Coronary Angioplasty is a non-surgical procedure to unblock the coronary arteries that are narrowed by plaque buildup, and restore the blood flow to the heart muscles. Precuations after angioplasty: The patient has to stay atleast for a day in the hospital, during which the heart condition is closely monitored. Complete recovery generally takes about 6 to 8 weeks.Drinking plenty of water to flush out the dye used during the procedure. Avoid extreme physical activity for atleast a few weeks. Taking blood thinning medications, regularly, for life .Maintain healthy weight. Control diabetes and blood pressure. Avoid smoking. Reference : Deepak Kumar, Health Blogger at Health (Quora)

Is it possible to reverse plaque and fat build in your cardiovascular system?

Is it possible to reverse plaque and fat build in your cardiovascular system?

Yes, in some cases. Plaques and cholesterol are signs of damage the body is trying to heal. The underlying damage is frequently caused by inflammation. Eating a very low carb diet with little to no white sugar, flour, starches will help lower inflammation. Eating natural fats, not manmade junk like canola oil, Crisco, corn oil, and other highly processed fats will help lower inflammation, as will taking one low dose aspirin daily. Getting plenty of Vitamin D3, either as sunlight or in high quality supplements if you live far north or south of the equator will help. HIITS ( high intensity interval training sets) will help more than prolonged low intensity “cardio” exercise. All of these put together can lower inflammation and, over time reduce the body’s need for healing plaques and cholesterol buildup.

It’s easiest to start with diet reform. The exercise needs to be started slowly and worked up to, as well as under supervision, to prevent damage to joints and muscles from improper form in the exercises.


Reference:    Martha Kirtley, B. A. Chemistry, Rice University (1974) (Quora)

How does cigarette smoking increase the risk of developing cardiovascular diseases?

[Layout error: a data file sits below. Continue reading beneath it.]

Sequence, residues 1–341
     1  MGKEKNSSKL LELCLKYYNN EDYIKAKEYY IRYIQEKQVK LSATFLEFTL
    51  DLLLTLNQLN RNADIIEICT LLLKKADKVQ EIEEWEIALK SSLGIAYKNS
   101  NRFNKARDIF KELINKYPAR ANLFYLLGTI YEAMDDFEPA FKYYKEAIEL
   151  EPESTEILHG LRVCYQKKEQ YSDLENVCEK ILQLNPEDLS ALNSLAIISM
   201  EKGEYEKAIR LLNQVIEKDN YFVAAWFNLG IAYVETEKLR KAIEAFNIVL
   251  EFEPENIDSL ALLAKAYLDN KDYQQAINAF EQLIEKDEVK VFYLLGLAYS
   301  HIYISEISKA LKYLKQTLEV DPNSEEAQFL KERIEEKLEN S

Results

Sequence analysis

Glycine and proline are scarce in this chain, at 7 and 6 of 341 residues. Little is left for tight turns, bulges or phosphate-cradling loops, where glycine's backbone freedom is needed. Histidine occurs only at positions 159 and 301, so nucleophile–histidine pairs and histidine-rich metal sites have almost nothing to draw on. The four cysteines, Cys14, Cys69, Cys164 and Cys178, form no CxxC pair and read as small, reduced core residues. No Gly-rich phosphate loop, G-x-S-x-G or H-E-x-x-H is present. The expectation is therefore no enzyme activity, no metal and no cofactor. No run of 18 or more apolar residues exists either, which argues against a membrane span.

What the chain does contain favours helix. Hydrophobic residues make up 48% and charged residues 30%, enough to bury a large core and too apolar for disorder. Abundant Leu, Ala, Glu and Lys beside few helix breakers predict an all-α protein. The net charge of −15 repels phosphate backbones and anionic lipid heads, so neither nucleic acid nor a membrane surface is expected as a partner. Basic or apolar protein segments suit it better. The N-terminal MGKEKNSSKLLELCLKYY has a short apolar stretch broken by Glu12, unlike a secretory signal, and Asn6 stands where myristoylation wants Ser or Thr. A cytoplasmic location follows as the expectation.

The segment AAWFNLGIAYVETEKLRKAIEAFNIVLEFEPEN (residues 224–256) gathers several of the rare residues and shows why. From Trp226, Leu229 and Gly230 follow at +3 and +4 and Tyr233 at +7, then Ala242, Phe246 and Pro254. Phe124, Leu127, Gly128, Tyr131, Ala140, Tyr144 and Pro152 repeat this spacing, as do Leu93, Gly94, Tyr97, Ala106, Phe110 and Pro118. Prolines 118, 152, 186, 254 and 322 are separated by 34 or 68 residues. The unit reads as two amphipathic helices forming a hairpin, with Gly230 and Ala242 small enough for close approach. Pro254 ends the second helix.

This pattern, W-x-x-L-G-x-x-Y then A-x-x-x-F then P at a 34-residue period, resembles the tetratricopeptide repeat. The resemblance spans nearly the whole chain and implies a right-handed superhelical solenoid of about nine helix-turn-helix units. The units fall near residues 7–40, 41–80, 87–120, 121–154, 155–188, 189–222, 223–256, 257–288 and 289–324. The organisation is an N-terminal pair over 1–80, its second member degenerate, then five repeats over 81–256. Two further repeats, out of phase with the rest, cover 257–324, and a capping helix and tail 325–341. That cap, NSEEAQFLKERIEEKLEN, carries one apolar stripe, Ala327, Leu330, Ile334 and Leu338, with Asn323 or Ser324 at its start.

How does cigarette smoking increase the risk of developing cardiovascular diseases?

The incidence of cardiovascular diseases such as coronary heart disease and hypertension is higher in smokers than non-smokers. And that's just the tip of the iceberg. Now let's take a look at the cardiovascular risk of smoking.

1.Elevated blood pressure

Cigarette contains a lot of nicotine, these toxic substances will lead to increased secretion of adrenaline and thyroid hormone, can make heart beat faster, blood pressure rise, resulting in adverse consequences.

2.Accelerated atherosclerosis

Smokers because vascular contraction or spasm, blood flow resistance increases, causing damage to the blood vessel wall, the release and platelet aggregation, increased blood viscosity, accelerated heart, brain and kidney and other organs of the whole body atherosclerosis, also can reduce cholesterol, promote thrombosis, increase the risk of coronary artery blockage, will cause coronary artery spasm.

3.Sudden death

Smoking can also cause sudden death, even though some people with mild atherosclerotic symptoms may cause myocardial infarction, or even death, and may increase the risk of peripheral vascular disease and stroke. The main reason for sudden death in smoking patients is that the toxic substances in tobacco cause ventricular fibrillation.

4.Brain damage

Carbon monoxide in cigarettes can cause hypoxia in the walls of blood vessels and lead to hardening of the arteries. Nicotine in cigarettes also reduces HDL and increases LDL cholesterol, thereby exacerbating atherosclerosis. In addition, cerebrovascular sclerosis can damage brain cells, impair memory, and cause mental disorders.

5.Increase the risk of congenital heart disease

Smoking is very bad for pregnant women and fetuses, in addition to causing fetal growth retardation, underweight, but also to make children shorter than their peers, the physique will be relatively poor. In addition, the incidence of congenital heart disease was significantly higher in infants than in non-smoking women, 2~3 times.


Reference: Renjie Song, studied at Wuhan Textile University (2019) (Quora)

Can diabetes increase the risk of cardiovascular diseases?

Can diabetes increase the risk of cardiovascular diseases?

High blood glucose causes damage to blood vessels, for reasons that researchers are working hard to determine. One theory suggests that it changes the behavior of certain proteins, causing blood vessels to contract excessively (High Blood-Sugar Levels Seen to Affect How Blood Vessels Contract - Diabetes News Journal). Another theory is that it suppresses certain enzymes related to the integrity of blood vessels walls (Root cause of blood vessel damage in diabetes discovered). Yet another theory involves a different enzyme that promotes the activity of a substance that damages proteins in the blood, leading to harmful inflammation (Study sheds light on blood vessel damage from high glucose concentrations).